Private equity: new cash for expanding African businessesFollow @MadeItInAfrica
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Africa is growing, and African companies need cash to expand. Investors want in on the action, especially given low returns in many other parts of the world these days. But with few stocks and bonds, and scant liquidity for those out there, how do investors get a foothold? And how do African firms access much-needed cash?
Enter private equity – the purchase by a private investor of a share of a company that is not listed on a stock market. The company can take the money from the sale and use it for expansion or other investments. In exchange, the owner gives up some control, as the new partner gets a seat on the board or, in smaller companies, plays an advisory role. Eventually investors make money by selling their shares or receiving dividends.
In Africa, private equity is all the rage. “If you look at all the opportunities,” says David Jeromin, managing partner of the US-based Golden Mean Capital, it is like the “nightmare” of someone with attention deficit disorder. “There is just so much stuff.”
Announcements of new African private equity funds come regularly. In February the African Development Bank (AfDB) announced that it would chip in US$50m towards a fund of the US-based Carlyle Group, which plans to invest at least $500m in sub-Saharan Africa. In May, the Brazilian investment bank BTG Pactual launched a $1bn Africa-focused private equity fund. In the 15 months from January 2011 to March 2012, eight new funds focusing on East and Southern Africa were launched.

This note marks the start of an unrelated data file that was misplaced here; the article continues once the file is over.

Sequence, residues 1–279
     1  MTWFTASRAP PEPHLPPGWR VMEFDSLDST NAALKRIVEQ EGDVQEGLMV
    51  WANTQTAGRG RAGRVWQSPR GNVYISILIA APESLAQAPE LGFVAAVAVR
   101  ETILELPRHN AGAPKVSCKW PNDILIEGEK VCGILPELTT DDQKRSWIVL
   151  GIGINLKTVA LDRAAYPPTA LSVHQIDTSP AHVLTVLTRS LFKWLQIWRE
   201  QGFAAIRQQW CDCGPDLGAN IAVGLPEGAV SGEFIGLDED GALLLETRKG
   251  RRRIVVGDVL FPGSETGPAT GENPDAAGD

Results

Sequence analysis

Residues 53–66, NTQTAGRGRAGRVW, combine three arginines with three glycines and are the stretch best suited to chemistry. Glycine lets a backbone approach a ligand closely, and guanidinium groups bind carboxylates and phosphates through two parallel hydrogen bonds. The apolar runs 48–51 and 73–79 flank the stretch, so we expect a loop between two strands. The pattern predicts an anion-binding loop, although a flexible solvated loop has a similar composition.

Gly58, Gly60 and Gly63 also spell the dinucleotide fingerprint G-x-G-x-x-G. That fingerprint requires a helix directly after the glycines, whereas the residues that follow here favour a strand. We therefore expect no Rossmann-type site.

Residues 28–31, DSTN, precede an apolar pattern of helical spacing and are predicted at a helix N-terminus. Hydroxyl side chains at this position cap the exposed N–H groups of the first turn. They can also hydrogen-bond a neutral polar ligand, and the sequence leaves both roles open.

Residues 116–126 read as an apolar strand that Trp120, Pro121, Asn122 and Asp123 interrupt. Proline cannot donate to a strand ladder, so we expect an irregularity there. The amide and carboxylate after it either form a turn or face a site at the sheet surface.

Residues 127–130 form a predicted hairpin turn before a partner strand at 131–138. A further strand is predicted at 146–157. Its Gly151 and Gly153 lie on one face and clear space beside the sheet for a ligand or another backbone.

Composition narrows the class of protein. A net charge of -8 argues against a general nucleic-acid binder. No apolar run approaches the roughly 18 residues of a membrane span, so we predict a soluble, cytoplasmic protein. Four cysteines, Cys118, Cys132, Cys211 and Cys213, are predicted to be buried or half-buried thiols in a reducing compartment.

East Africa alone has 16 dedicated funds, out of 53 active in that region. Officials of nearly three dozen funds responded to a survey, released in March by Deloitte, a global consultancy, and Africa Assets, a private research and consulting firm, showing that nearly four-fifths planned to increase outlays in the next year.
The overall numbers are impressive, although a bit volatile. Private equity investment in sub-Saharan Africa jumped from $741m in 2003 to $1.3bn last year, with ups and downs in between, according to the Emerging Markets Private Equity Association.
Private equity placements come in all sizes. The biggest in East Africa last year was a $287m deal by Egypt’s Citadel Capital to invest in Rift Valley Railways, which operates the railroad from Kenya’s Mombasa seaport to Uganda. The AfDB, whose private equity portfolio stands at $1.1bn, regularly invests in independent funds that make equity placements in Africa. These funds have invested in 294 companies, of which 54 topped $15m and 163 were under $1m.
Infrastructure, banking, mining, oil and gas, and other commodities generally attract the heavy hitters. At the other end of the spectrum, venture capital focuses on less mature companies, which are generally small and often headed by a charismatic entrepreneur.
One such company is Cheetah Palm Oil, a start-up in Ghana founded by the well-known economist George Ayittey. Cheetah has backing from Golden Mean Capital. Instead of buying land and growing crops, it will work with a producers’ cooperative to help market products internationally and to ensure that farmers get fair prices, microcredit and agricultural extension services. The project has the potential to encompass 50,000 small growers with farms covering 75,000 hectares of land.
This is not your genteel, Silicon Valley-style venture capital. “You have to rally resources around the entrepreneur and build infrastructure,” says Jeromin, whose firm is solidly in the venture capital realm. “It takes a heck of a lot of time.”
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